Heartbreak… Let’s face it, we’ve all been there. Maybe you were dumped, diagnosed with a life threatening illness, suffered loss, financial downturn, or simply gave in to fear. It’s that moment when you feel completely numb, isolated and alone, desperate for something or someone to give you faith. My own heartbreak and battle with heart disease led me to create Voices To Share… Healing Hearts One Voice at a Time. Together we'll banish self-pity, and invite prosperity in all matters of the heart. As a Heart Coach, I will share: inspirational stories that will give you courage, tips to shift your fears into love, recipes and products to live a heart healthy life.


Ginger's Voice

The minute I met Ginger I was intrigued.  She has such a zest for life, and I'm always excited to hear about her latest adventure.  She recently returned from a trip to Cambodia where she met children infected with HIV and AIDS.  I'm honored to share Ginger's voice.

Cambodia Gives New Perspective on Taking Risks
By Ginger B.
My husband and I purchased a trip at a charity auction to raise money for Friends Without a Border, the funding and program supporter for the Angkor Hospital for Children (AHC) in Siem Reap, the second-largest city and tourist center of Cambodia.  We didn’t think too much about what we were getting into, both of us being a bit spontaneous and even more so after finding the open bar.  All we knew was we were going on an adventure, but little did we know it would change us forever.
There is an HIV problem in Cambodia that continues to rise in rural areas.  When farmers find themselves in the close company of the city’s prostitutes -- with little education on HIV and a cultural stigma against condoms -- the men contract the disease.  Returning back to the farm months later, they bring home the disease to their wives.  As their family grows, they unknowingly pass the disease to their newborn babies.

As the doctor told us these stories on our drive towards the outskirts of town, it became clear that these children had seen the darkest moments of the world:  loss, physical pain, and shattered dreams.  They had lost parents, felt the painful repercussions of HIV-related illnesses, and had an uncertain future dependent on medical advances and their access to them.  On top of this, they lived in poverty.  I expected a very glum situation.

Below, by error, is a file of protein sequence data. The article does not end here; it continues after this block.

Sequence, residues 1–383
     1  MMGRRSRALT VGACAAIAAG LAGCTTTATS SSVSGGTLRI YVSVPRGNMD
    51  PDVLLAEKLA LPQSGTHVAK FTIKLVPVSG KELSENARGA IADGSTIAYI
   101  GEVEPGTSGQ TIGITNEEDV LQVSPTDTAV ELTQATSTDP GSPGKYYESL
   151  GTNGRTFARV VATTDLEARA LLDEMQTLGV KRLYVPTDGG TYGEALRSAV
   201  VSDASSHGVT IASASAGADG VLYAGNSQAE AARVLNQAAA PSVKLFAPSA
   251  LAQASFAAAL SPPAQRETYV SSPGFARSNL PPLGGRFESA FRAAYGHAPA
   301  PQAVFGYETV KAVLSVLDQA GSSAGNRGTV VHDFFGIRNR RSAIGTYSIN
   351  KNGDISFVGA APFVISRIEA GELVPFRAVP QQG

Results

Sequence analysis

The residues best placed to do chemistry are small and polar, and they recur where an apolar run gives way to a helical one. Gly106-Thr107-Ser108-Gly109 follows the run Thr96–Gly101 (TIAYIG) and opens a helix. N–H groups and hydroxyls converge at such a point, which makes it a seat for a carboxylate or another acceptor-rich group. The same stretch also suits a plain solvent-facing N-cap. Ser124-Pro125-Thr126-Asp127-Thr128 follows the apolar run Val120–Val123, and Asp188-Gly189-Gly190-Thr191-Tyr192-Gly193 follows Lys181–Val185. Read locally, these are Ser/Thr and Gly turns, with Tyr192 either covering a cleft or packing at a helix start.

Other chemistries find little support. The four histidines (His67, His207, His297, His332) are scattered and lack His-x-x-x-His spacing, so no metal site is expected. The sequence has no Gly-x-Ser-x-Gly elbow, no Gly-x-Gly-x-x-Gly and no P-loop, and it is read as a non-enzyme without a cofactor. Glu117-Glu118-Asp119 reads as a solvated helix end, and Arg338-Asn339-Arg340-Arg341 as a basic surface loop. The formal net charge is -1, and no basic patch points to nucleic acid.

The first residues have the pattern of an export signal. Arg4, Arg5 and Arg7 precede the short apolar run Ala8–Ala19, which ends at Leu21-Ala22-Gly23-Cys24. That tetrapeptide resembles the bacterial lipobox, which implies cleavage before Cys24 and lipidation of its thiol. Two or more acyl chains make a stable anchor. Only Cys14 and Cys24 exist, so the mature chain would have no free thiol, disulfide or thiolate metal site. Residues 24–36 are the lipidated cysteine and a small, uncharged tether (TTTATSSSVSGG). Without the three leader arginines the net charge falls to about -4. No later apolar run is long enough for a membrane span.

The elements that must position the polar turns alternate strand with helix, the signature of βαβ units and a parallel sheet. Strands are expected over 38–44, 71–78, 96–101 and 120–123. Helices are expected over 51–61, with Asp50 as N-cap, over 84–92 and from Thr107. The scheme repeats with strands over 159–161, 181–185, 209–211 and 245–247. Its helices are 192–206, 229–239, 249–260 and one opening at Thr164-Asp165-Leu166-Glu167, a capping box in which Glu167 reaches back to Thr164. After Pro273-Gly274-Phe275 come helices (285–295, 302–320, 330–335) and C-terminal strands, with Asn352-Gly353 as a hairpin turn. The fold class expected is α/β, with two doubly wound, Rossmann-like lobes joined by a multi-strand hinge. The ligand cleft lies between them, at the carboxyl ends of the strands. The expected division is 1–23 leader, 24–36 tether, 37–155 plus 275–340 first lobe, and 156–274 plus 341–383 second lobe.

We arrived at the first home.  The children were playing hide-and-go-seek, laughing, smiling, with joy in their faces.  When they saw the doctor, one child came forward, no less content than the others.  The doctor sat with him, checking his supply of pills and giving him a short physical, joking with him and tickling his feet.  Although small for his age, nothing about the child would have indicated his illness.  And in his eyes there was not a speck of that glumness I anticipated.  He was surrounded by his extended family, cared for by this doctor, and in one of the most beautiful places in the world.  He didn’t have much in the way of anything material, but what he did have was enough.

As we drove back down the little dirt road, I felt privileged to be able to peek into this world.  To see joy in people’s eyes firsthand, due to nothing except that for today, things were okay.  Today they had some food, today they had health under control, and today they were surrounded by loved ones.  That was all that was needed. What I realized is it takes very little to live, and the chance to be happy does not suffer as long a person has food, good health, and have a community to feel connected to.

So what does this have to do with risk?  Many people, including myself, hold back from doing things because of the fear of losing something.  Fear of losing time, money, or face to others and even yourself.  What if this doesn’t work?  What if it’s a waste of time? What will they think if it’s a total failure?  Who am I to think I can do this?  It can be paralyzing. 

But, to look into a world and see somebody who has lost everything, and still see joy, the world still turning, hope and love still swirling around, then why NOT take a risk?  There is nothing to fear, the best humanity has to offer is still there even at what most westerners would consider the “bottom.”  The only difference is lack of material things, but this rare experience showed that our stuff isn’t the stuff that joy is made of.

T.S. Eliot wrote, “…And the end of all our exploring will be to arrive where we started and know the place for the first time.”  Those children in Cambodia gave me something to walk away with that would change me forever, by showing me my own world in a new way.

This year, I will take more risks.

To make a donation to Friends Without a Border, providing funding and program support to the Angkor Hospital for Children in Siem Reap, Cambodia, please visit http://www.fwab.org/.

No comments:

Post a Comment

Thank you for sharing your voice!